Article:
Think this guy needs to take a look at the roots of PC gaming when people were self publishing using home-printed floppy discs and manuals sold in plastic bags. Not to mention the "boxes and disks" model is responsible for getting the industry as far as it is.

Yes, but thinking like this results in sacred cows. And as pretty as they are, sometimes sacred cows must be sacrificed.

Has the "boxes and disks" model helped get the games industry to this point? Yes. But now it's starting to strain on the industry, and is keeping it from seeing its full potential.

People used to self-publish with self-made floppy discs and manuals, and that was great. But do you propose that we go back to floppy discs? No, it seems that your point is that you want to bring people back to how things were, to when indie developers worked out of their garages and made some pretty good games. Thing is, they're doing that right now. And you know how these people are doing it? Online. Using digital distribution.

I guess thats why we see so little innovative indie titles.

...

bahumat42:

BrunDeign:
But... well... what about... wait when was Torchlight released? 2009? The Call of Duty manages to release a game with terrifically high production values on a yearly basis!

And yeah Mr. Carter brings up a good point. I don't care if you helped create Diablo II you can't just create the same basic game with updated graphics and sell it as something NEW and (looks at DoTA II) oh wait.

But seriously this is just another textbook case of the pot calling the kettle black.

So come down off the cross, use the wood to build a bridge, and GET OVER YOURSELF.

And give us a concrete date for Torchlight II dammit. While not as bad as these "five year cycles" you're talking about (of which I've seen none that I can remember) a three year cycle is pretty bad these days.

3 year cycle is actually pretty standard.

The yearly cycles you mention are created by seperate teams so not really yearly. (sledgehammer, IW, treyarch).

Now before you go " but what about ubi and ass creed" while its true they don't name the sub teams, they most certainly exist.

And yes i want a tl2 release date too :(

They do mention every single sub-team in AC:R. The intro is pretty much just filled with
"Ubisoft Montreal
Ubisoft Shanghai
Ubisoft Singapore
Ubisoft [insertanothercityhere]"

Dr Jones:

bahumat42:

BrunDeign:
But... well... what about... wait when was Torchlight released? 2009? The Call of Duty manages to release a game with terrifically high production values on a yearly basis!

And yeah Mr. Carter brings up a good point. I don't care if you helped create Diablo II you can't just create the same basic game with updated graphics and sell it as something NEW and (looks at DoTA II) oh wait.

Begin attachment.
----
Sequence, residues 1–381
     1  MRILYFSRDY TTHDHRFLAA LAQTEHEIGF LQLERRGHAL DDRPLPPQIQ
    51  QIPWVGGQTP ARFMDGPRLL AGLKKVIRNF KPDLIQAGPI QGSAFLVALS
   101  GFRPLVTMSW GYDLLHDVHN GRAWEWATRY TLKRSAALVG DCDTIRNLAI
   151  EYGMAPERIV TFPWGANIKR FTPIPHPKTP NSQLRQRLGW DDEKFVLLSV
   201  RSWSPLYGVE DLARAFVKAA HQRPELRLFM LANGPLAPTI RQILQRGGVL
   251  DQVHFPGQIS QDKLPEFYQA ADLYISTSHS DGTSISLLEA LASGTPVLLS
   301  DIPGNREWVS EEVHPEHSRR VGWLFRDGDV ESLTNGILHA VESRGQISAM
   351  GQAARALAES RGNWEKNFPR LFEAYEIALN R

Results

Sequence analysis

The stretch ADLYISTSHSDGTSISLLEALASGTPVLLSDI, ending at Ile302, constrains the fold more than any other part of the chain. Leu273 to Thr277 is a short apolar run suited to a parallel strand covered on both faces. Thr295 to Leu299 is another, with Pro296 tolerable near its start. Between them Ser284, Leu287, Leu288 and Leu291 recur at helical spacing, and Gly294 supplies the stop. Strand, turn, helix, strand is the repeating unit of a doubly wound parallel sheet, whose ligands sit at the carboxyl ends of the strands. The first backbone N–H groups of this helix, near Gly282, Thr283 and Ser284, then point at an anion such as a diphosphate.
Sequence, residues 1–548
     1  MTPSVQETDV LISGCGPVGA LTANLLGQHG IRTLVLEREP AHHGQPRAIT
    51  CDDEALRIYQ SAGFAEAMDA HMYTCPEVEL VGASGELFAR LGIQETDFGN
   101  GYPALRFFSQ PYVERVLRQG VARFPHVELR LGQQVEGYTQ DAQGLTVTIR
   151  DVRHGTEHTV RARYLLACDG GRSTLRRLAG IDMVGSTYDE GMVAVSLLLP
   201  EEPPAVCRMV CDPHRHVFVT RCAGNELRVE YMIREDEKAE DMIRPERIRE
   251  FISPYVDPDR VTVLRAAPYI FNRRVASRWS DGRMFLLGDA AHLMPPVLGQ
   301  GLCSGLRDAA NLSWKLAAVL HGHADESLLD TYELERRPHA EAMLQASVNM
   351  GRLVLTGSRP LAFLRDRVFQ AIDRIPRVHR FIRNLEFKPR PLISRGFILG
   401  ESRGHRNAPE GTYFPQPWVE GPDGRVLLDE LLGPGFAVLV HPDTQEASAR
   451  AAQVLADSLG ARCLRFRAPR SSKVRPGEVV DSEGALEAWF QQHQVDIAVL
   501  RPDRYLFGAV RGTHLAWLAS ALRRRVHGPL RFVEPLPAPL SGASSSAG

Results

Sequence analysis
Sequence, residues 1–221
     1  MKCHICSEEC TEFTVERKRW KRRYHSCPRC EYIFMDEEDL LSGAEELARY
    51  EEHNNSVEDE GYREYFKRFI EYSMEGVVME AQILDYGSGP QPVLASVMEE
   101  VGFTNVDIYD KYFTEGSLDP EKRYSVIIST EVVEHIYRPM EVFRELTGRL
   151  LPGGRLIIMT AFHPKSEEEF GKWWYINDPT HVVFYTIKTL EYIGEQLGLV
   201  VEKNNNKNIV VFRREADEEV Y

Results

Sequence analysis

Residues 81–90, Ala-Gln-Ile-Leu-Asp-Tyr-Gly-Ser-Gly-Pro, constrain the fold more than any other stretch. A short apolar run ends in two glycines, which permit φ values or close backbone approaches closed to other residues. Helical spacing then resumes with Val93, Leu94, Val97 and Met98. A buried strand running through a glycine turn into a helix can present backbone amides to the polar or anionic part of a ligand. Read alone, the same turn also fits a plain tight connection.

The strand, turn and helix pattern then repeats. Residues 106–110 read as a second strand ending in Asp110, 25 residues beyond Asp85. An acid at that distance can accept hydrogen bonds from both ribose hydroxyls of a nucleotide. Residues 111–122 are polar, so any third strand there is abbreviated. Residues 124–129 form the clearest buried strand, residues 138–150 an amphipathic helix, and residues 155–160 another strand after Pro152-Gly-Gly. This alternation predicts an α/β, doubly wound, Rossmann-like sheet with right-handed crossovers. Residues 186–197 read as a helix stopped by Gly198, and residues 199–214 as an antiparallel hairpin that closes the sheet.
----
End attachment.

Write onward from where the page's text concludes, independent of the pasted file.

But seriously this is just another textbook case of the pot calling the kettle black.

So come down off the cross, use the wood to build a bridge, and GET OVER YOURSELF.

And give us a concrete date for Torchlight II dammit. While not as bad as these "five year cycles" you're talking about (of which I've seen none that I can remember) a three year cycle is pretty bad these days.

3 year cycle is actually pretty standard.

The yearly cycles you mention are created by seperate teams so not really yearly. (sledgehammer, IW, treyarch).

Now before you go " but what about ubi and ass creed" while its true they don't name the sub teams, they most certainly exist.

And yes i want a tl2 release date too :(

They do mention every single sub-team in AC:R. The intro is pretty much just filled with
"Ubisoft Montreal
Ubisoft Shanghai
Ubisoft Singapore
Ubisoft [insertanothercityhere]"

il take that humble pie, to be fair i dont often pay attention to all that xD

Grey Carter:

"I'll get in trouble for this, but I look forward to the end of boxes and disks," he said. "Kill them with fire for all I care. The retail market has historically starved developers and narrowed the market for available games."

Actually I much prefer having a physical disc than only a digital download. You only need your hard drive die on you once to learn that lesson be it pc or console. Plus I like having a physical games collection.

In the real world, if a fruit bearing plant was latched onto by a vine that grew to be far bigger than the plant, consumed several other plants and gradually starved the original plant, only an idiot would point to the birds who eat the fruit and say 'This is all your fault.'

In the gaming industry, however, people seem to be blind to the fricking obvious.

Lol Nope. AAA games are not stifling the industry, as evidenced by the sheer overwhelming number of samey games you can find that are "Indie" or low budget. Honestly though, what exactly is "Innovation"? I'd say that COD4 Innovated the Multiplayer FPS world and that was a AAA game, I'd also say WoW Innovated in the MMO space, but that wasn't an indie game. "Innovation", whatever the hell that is, can come from anywhere.